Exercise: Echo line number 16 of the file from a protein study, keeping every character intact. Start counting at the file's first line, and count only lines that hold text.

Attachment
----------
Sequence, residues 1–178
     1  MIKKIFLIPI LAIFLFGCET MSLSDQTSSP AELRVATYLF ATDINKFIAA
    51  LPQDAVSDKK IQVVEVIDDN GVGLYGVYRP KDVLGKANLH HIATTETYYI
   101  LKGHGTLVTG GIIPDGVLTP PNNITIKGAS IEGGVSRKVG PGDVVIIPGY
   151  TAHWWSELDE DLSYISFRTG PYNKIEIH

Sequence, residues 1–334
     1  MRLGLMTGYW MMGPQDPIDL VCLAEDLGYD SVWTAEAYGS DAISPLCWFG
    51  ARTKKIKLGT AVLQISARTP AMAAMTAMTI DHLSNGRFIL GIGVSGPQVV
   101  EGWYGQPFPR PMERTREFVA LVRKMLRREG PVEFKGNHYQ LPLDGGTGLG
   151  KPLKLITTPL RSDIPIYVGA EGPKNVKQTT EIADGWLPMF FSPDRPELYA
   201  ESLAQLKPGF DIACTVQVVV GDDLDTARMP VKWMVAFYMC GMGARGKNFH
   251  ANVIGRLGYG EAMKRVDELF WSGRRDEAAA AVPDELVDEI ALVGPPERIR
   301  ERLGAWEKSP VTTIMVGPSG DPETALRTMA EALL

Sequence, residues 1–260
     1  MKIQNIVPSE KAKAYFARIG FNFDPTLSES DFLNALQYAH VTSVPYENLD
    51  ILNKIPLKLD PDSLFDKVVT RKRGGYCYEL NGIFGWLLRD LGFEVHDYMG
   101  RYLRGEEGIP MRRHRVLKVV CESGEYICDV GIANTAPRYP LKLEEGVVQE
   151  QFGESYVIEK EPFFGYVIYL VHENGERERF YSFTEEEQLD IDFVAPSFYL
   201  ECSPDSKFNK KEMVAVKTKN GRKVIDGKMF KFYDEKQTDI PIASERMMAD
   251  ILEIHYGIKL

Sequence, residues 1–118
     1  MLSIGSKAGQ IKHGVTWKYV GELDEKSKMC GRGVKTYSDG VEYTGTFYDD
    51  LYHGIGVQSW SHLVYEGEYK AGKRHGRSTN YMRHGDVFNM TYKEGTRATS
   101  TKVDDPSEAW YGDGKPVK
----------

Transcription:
    51  ILNKIPLKLD PDSLFDKVVT RKRGGYCYEL NGIFGWLLRD LGFEVHDYMG